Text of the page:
Three years after his wife, acclaimed photographer Isabelle Reed, dies in a car crash, Gene keeps everyday life going with his shy teenage son, Conrad. A planned exhibition of Isabelle’s photographs prompts Gene's older son, Jonah, to return to the house he grew up in - and for the first time in a very long time, the father and the two brothers are living under the same roof.

A family is shell-shocked by the death of its complex matriarch.

Isabelle Huppert portrays a dead woman in flashbacks in this intimate drama about grief and memory. And yet, in a few short scenes with very little dialogue, we’re sketched a complex and unforgettable character – a woman torn between important and dangerous work as an international war photographer, and a home life where she’s needed as an ordinary wife and mother. “One morning you're over there doing something you feel is important, but it's hard as well and you can't wait to go back home,” she says. “Then finally you're there. You always arrive exhausted, having changed planes four times.” We see her then, in bed in broad daylight, trying to sleep, out of sync with suburbia and the current timezone, never quite comfortable wherever she finds herself.

This character is the lynchpin of Louder Than Bombs, the English language feature debut of Norwegian writer-director Joachim Trier (Reprise and Oslo, August 31), and her death creates a vacuum in which the other characters struggle to connect and move on with their romantic and domestic lives.

The film is primarily set three years after Isabelle’s death (an unexpectedly prosaic car accident not far from her upstate New York home), and her life and work are about to be commemorated in a photographic exhibition, and in a potentially exposing essay in the New York Times by her friend and close colleague, Richard (David Straithairn). On the eve of this celebration, we meet Isabelle’s widower, schoolteacher Gene (Gabriel Byrne, playing sensitive and solemn in the vein of his In Treatment therapist) and their two sons, nervy young academic, Jonah (Jesse Eisenberg), and introverted high-school student, Conrad (Devin Druid, best known for playing a young Louis CK in TV comedy series Louie). Left behind after the tragedy, these three wounded males circle each other, competing with their differing and conflicting memories of Isabelle. Who knew her best? Who loved her more? How did she really die?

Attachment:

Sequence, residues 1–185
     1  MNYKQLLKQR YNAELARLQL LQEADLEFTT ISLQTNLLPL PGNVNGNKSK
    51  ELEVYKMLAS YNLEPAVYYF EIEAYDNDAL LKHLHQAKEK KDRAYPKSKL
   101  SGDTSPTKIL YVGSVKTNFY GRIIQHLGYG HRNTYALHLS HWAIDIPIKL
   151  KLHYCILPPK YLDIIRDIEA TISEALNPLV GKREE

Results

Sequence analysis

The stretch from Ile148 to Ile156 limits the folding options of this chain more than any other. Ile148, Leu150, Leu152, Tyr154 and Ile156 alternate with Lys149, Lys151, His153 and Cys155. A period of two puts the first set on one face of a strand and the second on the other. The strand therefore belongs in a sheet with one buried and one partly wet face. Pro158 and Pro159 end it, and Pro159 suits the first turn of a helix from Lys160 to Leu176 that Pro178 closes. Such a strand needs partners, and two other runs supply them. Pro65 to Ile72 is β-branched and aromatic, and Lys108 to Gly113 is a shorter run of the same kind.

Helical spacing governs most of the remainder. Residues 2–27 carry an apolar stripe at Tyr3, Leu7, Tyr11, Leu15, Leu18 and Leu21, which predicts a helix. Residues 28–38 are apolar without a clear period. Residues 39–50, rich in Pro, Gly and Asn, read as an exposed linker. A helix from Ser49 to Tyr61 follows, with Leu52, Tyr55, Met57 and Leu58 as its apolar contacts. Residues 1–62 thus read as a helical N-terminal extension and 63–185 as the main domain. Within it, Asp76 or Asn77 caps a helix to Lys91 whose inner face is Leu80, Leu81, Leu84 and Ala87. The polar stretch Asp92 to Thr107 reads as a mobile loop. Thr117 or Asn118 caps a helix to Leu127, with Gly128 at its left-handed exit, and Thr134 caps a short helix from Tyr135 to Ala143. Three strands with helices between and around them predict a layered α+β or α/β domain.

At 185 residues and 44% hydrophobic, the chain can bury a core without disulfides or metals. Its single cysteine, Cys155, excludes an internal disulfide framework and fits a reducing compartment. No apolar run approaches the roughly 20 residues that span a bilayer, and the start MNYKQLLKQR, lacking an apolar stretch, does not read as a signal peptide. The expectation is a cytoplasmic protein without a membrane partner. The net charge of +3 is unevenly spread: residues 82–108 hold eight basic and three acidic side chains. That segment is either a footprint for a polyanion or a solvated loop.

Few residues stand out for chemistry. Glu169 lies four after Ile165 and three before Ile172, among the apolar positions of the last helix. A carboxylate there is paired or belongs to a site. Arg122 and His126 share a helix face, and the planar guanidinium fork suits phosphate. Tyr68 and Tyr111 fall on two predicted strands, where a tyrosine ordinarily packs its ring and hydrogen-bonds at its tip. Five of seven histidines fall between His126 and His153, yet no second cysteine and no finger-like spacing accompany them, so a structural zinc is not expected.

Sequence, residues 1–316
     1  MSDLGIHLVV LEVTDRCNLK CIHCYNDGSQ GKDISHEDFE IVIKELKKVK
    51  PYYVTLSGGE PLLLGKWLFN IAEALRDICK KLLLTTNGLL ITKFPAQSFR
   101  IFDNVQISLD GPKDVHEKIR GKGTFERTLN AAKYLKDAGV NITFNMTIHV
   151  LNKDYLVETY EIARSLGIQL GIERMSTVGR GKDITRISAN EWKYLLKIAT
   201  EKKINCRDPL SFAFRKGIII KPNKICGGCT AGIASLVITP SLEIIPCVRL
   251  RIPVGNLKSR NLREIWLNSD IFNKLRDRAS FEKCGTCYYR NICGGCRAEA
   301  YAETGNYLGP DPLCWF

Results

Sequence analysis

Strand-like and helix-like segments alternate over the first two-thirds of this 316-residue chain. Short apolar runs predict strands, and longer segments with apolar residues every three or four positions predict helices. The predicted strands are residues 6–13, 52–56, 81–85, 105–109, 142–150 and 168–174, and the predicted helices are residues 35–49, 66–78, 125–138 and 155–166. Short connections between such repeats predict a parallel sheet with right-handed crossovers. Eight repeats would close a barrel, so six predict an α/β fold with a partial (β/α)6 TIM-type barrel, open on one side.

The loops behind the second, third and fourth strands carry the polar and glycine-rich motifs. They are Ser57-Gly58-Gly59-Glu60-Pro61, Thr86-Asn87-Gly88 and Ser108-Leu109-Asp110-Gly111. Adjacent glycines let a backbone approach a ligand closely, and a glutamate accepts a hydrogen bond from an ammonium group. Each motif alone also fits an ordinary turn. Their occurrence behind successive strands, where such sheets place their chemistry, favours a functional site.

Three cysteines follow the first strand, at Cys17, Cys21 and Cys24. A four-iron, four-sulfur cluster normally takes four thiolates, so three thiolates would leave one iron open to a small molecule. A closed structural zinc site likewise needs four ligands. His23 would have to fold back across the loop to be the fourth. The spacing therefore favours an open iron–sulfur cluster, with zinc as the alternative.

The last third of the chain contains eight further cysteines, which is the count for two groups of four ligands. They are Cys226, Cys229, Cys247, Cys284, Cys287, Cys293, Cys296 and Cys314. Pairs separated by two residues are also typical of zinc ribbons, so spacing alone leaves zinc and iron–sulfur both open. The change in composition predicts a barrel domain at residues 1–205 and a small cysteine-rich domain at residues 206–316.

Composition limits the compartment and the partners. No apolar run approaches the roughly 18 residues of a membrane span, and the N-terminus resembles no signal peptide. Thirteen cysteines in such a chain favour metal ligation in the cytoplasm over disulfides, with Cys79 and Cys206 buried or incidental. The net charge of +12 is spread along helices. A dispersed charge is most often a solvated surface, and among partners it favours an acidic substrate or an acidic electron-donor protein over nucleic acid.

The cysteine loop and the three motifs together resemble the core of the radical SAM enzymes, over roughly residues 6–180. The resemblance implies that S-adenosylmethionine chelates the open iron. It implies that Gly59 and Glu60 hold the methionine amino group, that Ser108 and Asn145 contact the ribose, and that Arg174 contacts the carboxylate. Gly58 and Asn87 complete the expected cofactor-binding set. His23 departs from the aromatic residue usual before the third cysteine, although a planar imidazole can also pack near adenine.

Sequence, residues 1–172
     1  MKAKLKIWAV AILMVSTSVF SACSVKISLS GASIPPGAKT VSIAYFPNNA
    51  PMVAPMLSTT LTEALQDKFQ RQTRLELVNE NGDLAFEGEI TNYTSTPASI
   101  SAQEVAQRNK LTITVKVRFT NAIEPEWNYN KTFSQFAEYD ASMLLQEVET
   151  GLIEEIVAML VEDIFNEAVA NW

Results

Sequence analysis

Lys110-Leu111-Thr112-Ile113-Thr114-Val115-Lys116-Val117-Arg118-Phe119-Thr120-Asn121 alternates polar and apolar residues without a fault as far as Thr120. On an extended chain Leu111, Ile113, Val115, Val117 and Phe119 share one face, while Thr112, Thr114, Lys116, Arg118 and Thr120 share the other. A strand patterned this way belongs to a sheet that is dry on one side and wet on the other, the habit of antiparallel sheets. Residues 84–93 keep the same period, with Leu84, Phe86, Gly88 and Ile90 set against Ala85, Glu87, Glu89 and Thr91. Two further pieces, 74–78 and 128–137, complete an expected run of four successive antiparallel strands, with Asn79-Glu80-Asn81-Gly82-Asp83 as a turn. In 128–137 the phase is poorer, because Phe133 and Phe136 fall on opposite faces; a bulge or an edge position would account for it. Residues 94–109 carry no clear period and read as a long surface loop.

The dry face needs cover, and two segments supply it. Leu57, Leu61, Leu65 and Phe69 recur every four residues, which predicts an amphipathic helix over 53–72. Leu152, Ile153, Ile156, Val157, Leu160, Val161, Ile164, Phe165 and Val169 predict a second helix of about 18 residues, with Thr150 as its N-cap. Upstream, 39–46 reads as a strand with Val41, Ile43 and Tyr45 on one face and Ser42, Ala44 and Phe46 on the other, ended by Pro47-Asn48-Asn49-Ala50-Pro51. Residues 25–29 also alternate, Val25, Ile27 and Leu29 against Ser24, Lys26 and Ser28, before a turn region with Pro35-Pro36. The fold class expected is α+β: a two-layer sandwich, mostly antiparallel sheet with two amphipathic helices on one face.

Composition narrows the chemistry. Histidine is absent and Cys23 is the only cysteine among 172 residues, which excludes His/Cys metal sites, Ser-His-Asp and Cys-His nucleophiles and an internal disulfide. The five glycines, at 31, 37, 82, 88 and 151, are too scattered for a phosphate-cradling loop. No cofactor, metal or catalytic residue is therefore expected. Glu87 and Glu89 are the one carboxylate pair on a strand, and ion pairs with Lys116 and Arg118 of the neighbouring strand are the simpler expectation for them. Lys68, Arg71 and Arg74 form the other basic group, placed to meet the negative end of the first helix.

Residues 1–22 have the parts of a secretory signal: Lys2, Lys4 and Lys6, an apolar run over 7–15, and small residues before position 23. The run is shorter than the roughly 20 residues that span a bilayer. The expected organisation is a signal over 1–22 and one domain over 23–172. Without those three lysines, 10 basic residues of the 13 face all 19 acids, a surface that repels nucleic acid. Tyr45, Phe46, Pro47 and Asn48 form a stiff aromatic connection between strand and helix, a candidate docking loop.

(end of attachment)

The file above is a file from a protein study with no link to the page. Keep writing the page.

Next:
Louder Than Bombs, which premiered in competition at Cannes in 2015, was written with Trier’s frequent writing partner, Eskil Vogt. Non-linear plotting skillfully weaves together the multiple perspectives of the main characters, with their memories and present experiences mirroring and commenting on each other. Voiceover, so often irksome and clumsy, is artfully deployed here, letting characters narrate their actions as if from a future short-story writer’s perspective. The sequences involving the teenage boy are particularly strong – his poetry writing and online gaming; his crush on an out-of-his-league classmate; and his frustrations with his overprotective father who follows him around after school, convinced he’s lonely and suicidal. Less successful are the scenes involving Eisenberg, whose character seems inexplicably arrogant and heartless, having left his wife (Megan Ketch) and newborn baby interstate, and perpetually delaying his return.

Shot in stunning, expressionistic 35mm by Jakob Ihre, who lensed Trier’s other films, Louder Than Bombs is full of long close-ups and poetic set-pieces: emotions play across a character’s face as she stares straight into camera for what seems like an age; cheerleaders leap through the air in slow motion against stark blue skies; Huppert floats peacefully in a cloud of suspended glass crystals before her car collides with a truck. A tinkly, melancholy score composed by Ola Fløttum underlines emotional moments with just enough emphasis. Not all of the threads are tucked in perfectly by the film’s gentle conclusion, and some may long for more explicit US-style catharsis and ‘closure’. But Louder Than Bombs is after all European in its origins, and for the most part this works well to create emotionally intelligent, aesthetically pleasing adult drama that feels casually, realistically international in its cast and themes. And that’s surprisingly rare.

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1 hour 49 min
In Cinemas 11 August 2016,